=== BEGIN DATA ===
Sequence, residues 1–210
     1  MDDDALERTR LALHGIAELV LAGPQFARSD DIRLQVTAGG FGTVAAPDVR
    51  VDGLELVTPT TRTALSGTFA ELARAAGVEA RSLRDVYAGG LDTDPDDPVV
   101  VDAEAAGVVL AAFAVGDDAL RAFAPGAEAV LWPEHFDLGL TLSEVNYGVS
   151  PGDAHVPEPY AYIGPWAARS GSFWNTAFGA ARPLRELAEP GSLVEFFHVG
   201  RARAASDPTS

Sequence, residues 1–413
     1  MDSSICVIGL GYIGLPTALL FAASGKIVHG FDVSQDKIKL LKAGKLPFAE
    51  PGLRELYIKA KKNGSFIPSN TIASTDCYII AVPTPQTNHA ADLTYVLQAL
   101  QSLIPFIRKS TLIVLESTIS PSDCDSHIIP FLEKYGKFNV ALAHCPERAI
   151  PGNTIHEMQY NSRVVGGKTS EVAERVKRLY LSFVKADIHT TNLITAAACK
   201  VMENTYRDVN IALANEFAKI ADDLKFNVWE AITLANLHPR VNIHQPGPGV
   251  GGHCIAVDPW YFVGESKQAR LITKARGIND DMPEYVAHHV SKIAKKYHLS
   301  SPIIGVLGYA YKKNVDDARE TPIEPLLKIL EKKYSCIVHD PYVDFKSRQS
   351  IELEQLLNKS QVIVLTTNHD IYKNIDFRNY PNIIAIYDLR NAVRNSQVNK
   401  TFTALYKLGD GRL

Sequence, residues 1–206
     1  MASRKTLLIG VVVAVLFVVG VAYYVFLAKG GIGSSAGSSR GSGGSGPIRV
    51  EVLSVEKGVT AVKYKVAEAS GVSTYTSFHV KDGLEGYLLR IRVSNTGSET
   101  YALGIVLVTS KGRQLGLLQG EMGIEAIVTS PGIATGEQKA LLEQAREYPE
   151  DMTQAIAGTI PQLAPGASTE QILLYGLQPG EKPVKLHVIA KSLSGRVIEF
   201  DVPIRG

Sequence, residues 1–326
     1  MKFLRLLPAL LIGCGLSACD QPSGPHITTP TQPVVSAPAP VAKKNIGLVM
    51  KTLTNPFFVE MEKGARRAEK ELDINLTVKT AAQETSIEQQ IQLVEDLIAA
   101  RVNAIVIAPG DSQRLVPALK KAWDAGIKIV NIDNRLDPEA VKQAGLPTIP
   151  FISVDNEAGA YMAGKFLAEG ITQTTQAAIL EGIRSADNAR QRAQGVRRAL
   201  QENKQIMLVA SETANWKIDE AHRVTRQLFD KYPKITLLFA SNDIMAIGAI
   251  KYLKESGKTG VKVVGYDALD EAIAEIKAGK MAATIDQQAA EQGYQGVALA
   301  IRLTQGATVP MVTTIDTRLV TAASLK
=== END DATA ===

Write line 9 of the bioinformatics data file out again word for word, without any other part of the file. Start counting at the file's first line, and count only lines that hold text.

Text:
    51  PGLRELYIKA KKNGSFIPSN TIASTDCYII AVPTPQTNHA ADLTYVLQAL